A nice cheat sheet is provided on the helpful cheatography website here. You can find a screenshot with the most relevant information next:

Quick and Easy Virtualenv Cheat Sheet

This cheat sheet almost doesn’t deserve the name–but it’s so concise that I just couldn’t resist including it here:

Dan’s Cheat Sheet

Finally, let’s end this cheat sheet collection with another useful one from Dan Poirier (source):


Virtual environments help you to isolate the dependencies of your Python projects. Simply create your virtual environment in your project location by using the command “python -m venv your_ve_path”. After activation, you can install new packages using pip. All new packages will be installed only in your virtual environment without global visibility.

If you love cheat sheets, feel free to check out my 100% free Python email course with 11+ Python cheat sheets for learning and relearning the most important Python concepts:

2 thoughts on “Python Virtual Environment “venv” Cheat Sheet”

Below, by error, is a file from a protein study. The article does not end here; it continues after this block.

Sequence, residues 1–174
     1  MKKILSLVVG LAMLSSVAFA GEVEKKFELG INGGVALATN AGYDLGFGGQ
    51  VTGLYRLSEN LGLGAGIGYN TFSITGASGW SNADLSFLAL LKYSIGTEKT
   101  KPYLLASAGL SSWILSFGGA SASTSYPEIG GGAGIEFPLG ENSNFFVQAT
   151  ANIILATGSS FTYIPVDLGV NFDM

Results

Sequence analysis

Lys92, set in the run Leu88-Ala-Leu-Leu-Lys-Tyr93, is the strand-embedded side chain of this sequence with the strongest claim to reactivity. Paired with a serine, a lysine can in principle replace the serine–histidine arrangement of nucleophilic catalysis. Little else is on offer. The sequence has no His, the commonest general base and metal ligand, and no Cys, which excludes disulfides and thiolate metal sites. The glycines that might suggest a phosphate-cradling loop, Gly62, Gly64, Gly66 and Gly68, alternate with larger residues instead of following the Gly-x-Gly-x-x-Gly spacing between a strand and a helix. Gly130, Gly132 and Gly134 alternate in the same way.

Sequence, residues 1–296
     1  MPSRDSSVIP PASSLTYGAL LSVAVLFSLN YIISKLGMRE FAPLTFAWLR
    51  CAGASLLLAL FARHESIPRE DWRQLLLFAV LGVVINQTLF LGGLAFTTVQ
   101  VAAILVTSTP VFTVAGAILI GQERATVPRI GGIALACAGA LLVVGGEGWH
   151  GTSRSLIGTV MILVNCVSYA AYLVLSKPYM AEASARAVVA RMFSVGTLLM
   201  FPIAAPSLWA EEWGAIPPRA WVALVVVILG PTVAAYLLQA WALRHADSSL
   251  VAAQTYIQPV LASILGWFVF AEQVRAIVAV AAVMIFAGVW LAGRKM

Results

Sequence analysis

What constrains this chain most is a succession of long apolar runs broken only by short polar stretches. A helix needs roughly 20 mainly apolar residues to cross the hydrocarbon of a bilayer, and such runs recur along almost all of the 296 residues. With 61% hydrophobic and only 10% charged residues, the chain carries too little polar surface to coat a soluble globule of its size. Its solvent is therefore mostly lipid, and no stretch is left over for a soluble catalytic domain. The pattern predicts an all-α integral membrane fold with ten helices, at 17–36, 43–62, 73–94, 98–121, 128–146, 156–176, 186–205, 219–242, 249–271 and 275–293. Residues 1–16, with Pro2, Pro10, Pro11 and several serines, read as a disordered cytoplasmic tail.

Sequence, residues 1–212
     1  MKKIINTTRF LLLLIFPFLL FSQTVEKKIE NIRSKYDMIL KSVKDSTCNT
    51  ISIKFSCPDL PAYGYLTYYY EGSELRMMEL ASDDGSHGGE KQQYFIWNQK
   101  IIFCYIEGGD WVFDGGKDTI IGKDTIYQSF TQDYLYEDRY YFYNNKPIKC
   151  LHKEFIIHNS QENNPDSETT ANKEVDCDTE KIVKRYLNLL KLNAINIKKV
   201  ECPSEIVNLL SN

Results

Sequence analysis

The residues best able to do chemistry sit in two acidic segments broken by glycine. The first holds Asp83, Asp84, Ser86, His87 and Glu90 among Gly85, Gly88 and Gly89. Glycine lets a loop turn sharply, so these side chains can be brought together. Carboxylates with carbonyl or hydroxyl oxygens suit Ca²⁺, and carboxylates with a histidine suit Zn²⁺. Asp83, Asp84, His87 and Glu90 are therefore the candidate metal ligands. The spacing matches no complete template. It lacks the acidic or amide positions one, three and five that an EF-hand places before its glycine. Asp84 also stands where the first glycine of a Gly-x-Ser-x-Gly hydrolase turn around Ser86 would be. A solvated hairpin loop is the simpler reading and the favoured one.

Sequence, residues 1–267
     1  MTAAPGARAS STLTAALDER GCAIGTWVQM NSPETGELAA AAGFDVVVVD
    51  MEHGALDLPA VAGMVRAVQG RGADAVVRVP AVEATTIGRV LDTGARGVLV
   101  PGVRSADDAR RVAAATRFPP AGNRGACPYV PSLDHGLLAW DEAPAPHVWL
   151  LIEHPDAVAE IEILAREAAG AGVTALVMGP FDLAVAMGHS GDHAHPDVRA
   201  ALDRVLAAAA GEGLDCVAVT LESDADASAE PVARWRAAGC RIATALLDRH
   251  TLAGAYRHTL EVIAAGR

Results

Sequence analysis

1. Hi,
    thank you for this useful guide.
    I have just one question, how can I “transmit” or “deliver” a virtual environment for testing purpose or other to a colleague?
    or, is there another tool for doing this ?
    thanks in advance for your help

    • Hey Erix,

      thanks! This is a very good question.

      For conda, it’s very easy: check out their guide here:
      “With conda, you can create, export, list, remove, and update environments that have different versions of Python and/or packages installed in them. Switching or moving between environments is called activating the environment. You can also share an environment file.”

      For the “venv” tool, it may work out to copy&paste the folder and use this guide to setup the used interpreter to the one in the virtual environment folder:

      But I haven’t tried this out — and it certainly isn’t the cleanest solution because there may be some hard-coded paths in your virtual environment.

      I would write a small installation script that recreates the virtual environment for your friend or colleague. It’s simple, lightweight, and very flexible.
      The brute-force approach would be to use a Docker image, etc.

      Hope this helps.